It proved to be very difficult surgery. There had been a senior colorectal consultant in attendance owing to my history of adhesions and he had his work cut out separating my tethered bowel from my uterus and ovaries.  They managed to ‘get everything out’ but three days later I stood up to find my bowel contents flooding out of my vagina. My bowel had perforated. This was the start of  the worst time of my life – the hospital was 90 miles from home, my husband slept in the car on the first night and my life hung in the balance. I was taken back to theatre but a repair to the bowel was not possible as where the bowel had been attached to the uterus, was severely damaged. I was told I would be in hospital for several months and would not be able to eat or drink so that the bowel could heal. I would be nourished by something called TPN, trans parental nutrition which meant I was fed through my central vein. I hated it –   I had gone into hospital reasonably well, and now my health was ruined. I was repeatedly told to be positive and be grateful to be alive, which I obviously was, but this was a living nightmare. My husband moved into a hotel, my mother who I’d been caring for had to go into a home. My family were heartbroken as was I. I kept wanting to wake up from this nightmare…..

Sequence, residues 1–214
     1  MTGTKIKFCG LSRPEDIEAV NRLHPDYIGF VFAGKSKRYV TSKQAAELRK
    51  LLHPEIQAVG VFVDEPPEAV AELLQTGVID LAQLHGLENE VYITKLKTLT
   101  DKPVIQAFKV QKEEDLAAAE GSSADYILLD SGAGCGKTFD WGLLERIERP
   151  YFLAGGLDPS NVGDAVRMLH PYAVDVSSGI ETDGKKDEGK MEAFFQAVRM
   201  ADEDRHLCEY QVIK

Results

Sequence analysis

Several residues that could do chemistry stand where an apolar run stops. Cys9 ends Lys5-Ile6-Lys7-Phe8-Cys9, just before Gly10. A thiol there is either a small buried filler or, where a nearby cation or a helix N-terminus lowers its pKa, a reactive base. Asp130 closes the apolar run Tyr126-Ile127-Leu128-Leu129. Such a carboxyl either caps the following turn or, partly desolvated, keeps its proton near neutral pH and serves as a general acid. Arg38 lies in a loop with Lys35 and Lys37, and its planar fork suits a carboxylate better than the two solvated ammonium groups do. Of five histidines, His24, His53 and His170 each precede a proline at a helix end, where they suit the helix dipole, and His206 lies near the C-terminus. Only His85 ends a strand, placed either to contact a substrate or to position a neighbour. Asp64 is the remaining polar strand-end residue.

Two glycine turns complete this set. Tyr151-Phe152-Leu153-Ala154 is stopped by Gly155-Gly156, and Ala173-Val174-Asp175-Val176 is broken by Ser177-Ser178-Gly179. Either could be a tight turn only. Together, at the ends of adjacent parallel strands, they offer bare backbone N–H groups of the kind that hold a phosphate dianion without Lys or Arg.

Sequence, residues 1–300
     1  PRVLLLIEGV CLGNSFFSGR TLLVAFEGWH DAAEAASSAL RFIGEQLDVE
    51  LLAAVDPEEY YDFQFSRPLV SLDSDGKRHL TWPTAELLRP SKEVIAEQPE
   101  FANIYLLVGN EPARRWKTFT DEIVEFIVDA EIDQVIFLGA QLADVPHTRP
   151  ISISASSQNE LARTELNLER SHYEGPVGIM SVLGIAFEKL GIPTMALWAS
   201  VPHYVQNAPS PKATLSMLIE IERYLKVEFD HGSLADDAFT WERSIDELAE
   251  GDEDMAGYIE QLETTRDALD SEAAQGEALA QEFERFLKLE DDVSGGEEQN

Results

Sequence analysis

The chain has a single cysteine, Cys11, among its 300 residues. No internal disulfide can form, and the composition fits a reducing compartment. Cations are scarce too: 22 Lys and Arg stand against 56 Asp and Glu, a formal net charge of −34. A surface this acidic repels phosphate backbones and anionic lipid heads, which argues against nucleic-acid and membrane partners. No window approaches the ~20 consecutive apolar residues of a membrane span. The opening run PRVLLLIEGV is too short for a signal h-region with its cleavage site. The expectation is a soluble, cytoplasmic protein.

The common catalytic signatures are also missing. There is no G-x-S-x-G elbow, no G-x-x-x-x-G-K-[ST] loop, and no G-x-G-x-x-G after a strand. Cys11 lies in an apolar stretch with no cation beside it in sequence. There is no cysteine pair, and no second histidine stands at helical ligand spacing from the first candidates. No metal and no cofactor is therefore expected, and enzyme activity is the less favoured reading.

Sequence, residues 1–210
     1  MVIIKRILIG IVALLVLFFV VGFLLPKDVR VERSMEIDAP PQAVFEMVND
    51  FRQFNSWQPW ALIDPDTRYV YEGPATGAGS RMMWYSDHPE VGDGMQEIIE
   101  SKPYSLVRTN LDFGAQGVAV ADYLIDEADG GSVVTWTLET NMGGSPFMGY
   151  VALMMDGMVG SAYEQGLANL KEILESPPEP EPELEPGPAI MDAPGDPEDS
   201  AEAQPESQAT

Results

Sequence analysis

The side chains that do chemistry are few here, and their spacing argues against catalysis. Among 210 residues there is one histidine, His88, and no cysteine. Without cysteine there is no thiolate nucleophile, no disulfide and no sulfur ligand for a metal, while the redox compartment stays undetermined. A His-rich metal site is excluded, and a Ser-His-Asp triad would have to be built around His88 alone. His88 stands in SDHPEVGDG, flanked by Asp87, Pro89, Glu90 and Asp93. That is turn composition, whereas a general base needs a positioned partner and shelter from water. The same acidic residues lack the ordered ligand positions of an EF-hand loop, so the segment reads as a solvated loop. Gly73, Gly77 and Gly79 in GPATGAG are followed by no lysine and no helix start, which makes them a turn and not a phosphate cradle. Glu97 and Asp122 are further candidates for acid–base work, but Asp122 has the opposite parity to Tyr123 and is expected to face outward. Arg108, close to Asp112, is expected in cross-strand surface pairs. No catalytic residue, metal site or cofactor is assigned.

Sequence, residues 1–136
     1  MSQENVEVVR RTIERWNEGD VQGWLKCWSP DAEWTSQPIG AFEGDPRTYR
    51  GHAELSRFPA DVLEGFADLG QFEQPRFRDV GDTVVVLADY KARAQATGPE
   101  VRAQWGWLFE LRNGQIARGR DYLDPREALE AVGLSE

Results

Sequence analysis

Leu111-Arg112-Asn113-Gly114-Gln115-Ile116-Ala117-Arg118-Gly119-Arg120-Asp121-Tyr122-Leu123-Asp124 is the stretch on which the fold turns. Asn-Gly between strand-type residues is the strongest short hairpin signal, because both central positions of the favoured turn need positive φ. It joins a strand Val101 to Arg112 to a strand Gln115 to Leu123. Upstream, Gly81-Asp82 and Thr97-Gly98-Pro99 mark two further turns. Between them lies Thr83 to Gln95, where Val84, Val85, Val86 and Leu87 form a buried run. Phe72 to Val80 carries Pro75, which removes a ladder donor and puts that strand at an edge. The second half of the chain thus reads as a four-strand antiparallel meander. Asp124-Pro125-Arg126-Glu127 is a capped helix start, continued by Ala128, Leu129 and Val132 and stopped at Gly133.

I left hospital in May 2015 broken and battered. I was by now able to eat and drink small amounts but holes began appearing on my midline scar. These holes leaked fluid which sometimes looked faecal. I was terrified and repeated visits to my surgeon resulted in a small bowel MRI. I was soon to learn I had actually developed an enterocutaneous fistula. Basically where the perforation had occurred, the body creates an abnormal channel from the perforation to, in my case my skin, more specifically my midline scar. One hole became two which became three. I was a nervous wreck, scared to eat or move which seemed to make the output worse. I was told I would need to live with it for at least two years when an attempt at repair could be made.